binary...prob.

This is a discussion on binary...prob. within the C++ Programming forums, part of the General Programming Boards category; hi , we convert from int to hex by cout << hex << int_value; to octal cout << oct << ...

  1. #1
    Registered User newbie_grg's Avatar
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    binary...prob.

    hi ,
    we convert from int to hex by
    cout << hex << int_value;

    to octal
    cout << oct << int_value;
    to binary
    cout << binary << int_value;
    but i get the following error
    cc0ibaaa.o(.text+0x23):conver~1.cpp: undefined reference to `binary(int)'

    what is wrong?
    "If knowledge can create problems, it is not through ignorance that we can solve them. "
    -Isaac Asimov(1920-1992)

  2. #2
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    can u post the entire code or at least a little bit more?

  3. #3
    Registered User newbie_grg's Avatar
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    umm..

    well,
    actually that is all the code.
    Code:
    #include <iostream>
    int main(void)
    {
    int int_value;
    
    cout << binary << int_value;
    }
    and the error is
    cc0ibaaa.o(.text+0x23):conver~1.cpp: undefined reference to `binary(int)'

    i use dev compiler.
    "If knowledge can create problems, it is not through ignorance that we can solve them. "
    -Isaac Asimov(1920-1992)

  4. #4
    Registered User
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    wtf

    first of all you must return a value when using int main
    put return 0;
    like this

    Code:
    #include <iostream>
    int main(void)
    {
    int int_value;
    
    cout << binary << int_value;
    return 0;
    }
    and second what are you hoping the compiler will not just
    put the binary of your int_value if you havent told the program how to change the value to binary
    is this what you are trying to do?

  5. #5
    It's full of stars adrianxw's Avatar
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    hex and oct are ANSI standard ios class manipulators, binary is not. Unless your compiler has a special, what you are trying will not work.

    You can, of course, write your own manipulators.
    Wave upon wave of demented avengers march cheerfully out of obscurity unto the dream.

  6. #6
    End Of Line Hammer's Avatar
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    >>first of all you must return a value when using int main
    >>put return 0;
    It's been discussed many times before.... return 0; is not required under C++. As for the matter of style... well that's your choice. Do a search if you want to know more.
    When all else fails, read the instructions.
    If you're posting code, use code tags: [code] /* insert code here */ [/code]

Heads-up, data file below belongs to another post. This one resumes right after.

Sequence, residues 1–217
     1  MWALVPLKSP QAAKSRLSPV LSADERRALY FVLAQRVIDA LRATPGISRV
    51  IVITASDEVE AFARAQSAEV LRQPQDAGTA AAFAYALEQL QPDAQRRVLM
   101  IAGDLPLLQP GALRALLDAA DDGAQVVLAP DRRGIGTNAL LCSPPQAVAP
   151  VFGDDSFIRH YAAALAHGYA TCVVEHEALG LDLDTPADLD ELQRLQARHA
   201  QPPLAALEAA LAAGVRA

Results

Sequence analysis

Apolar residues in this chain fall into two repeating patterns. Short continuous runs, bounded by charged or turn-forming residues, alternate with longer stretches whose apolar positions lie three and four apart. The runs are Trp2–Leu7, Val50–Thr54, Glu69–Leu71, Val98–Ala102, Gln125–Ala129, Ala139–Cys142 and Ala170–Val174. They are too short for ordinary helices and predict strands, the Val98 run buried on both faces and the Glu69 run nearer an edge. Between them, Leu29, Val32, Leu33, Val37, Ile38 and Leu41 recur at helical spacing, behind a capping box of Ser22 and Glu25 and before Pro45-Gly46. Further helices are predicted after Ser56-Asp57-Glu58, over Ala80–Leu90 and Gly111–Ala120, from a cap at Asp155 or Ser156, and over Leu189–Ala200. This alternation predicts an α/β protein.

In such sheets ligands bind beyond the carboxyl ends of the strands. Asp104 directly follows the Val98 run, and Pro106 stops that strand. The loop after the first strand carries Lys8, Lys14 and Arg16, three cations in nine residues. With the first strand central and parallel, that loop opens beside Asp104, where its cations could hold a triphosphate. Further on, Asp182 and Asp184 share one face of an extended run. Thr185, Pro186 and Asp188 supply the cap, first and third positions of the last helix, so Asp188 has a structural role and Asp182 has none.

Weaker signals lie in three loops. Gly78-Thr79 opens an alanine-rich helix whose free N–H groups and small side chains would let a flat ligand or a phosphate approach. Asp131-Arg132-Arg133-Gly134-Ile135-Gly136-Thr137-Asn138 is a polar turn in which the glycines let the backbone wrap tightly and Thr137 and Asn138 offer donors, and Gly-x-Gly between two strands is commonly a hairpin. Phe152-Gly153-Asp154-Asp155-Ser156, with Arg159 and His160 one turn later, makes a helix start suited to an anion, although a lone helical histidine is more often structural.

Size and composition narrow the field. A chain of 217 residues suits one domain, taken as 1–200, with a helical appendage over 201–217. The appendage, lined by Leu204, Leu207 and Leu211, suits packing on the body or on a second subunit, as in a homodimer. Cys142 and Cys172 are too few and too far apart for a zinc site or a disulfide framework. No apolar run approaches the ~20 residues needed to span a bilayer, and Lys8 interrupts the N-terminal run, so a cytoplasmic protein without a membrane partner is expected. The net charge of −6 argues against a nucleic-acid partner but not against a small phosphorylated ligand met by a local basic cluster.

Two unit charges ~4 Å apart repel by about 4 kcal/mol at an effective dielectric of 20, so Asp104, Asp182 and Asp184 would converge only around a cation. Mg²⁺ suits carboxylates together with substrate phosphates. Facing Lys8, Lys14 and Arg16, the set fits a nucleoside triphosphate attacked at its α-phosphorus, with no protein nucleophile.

7. #7
    Registered User hk_mp5kpdw's Avatar
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    One way to do it is with a bitset object:
    Code:
    #include <bitset>
    #include <iostream>
    #include <limits>
    using namespace std;
    
    int main
    {
        cout << "267 as unsigned long in binary form: "
             << bitset<numeric_limits<unsigned long>::digits>(267)
             << endl;
    
        return 0;
    }
    Barring any mistakes, this should output something like:
    267 as unsigned long in binary form: 00000000000000000000000100001011
    "Owners of dogs will have noticed that, if you provide them with food and water and shelter and affection, they will think you are god. Whereas owners of cats are compelled to realize that, if you provide them with food and water and shelter and affection, they draw the conclusion that they are gods."
    -Christopher Hitchens

  8. #8
    Hardware Engineer
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    Here are some functions that handle any numeric base up to base-36:

    For input:
    strtoul() ANSI (string to long)
    strtod() ANSI (string to double)

    For output:
    ultoa() NON-ANSI Microsoft (unsigned long to string)

    Someday I'm gonna play around with these and make some example programs. For now, you're on your own (plus a little help from all the other smart people here!)

  9. #9
    Magically delicious LuckY's Avatar
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    Here's a little bit of an expansion to hk_mp5's code. Really all it does is make the "cout <<" statement shorter.

    Code:
    class bin {
      int value;
    
    public:
      explicit bin(int baseten) : value(baseten) { }  
      ostream& operator()(ostream &out) const;
    };
    
    ostream& bin::operator()(ostream &out) const {
      return out << bitset<8>(value);// change 8 to adjust # digits
    }
    
    ostream& operator<<(ostream &out, bin baseten) { return baseten(out); }
    
    int main() {
      int val;
      cout << "Enter a number: ";
      cin >> val;
    
      cout << val << " in binary is " << bin(val) << endl;
    
      return 0;
    }

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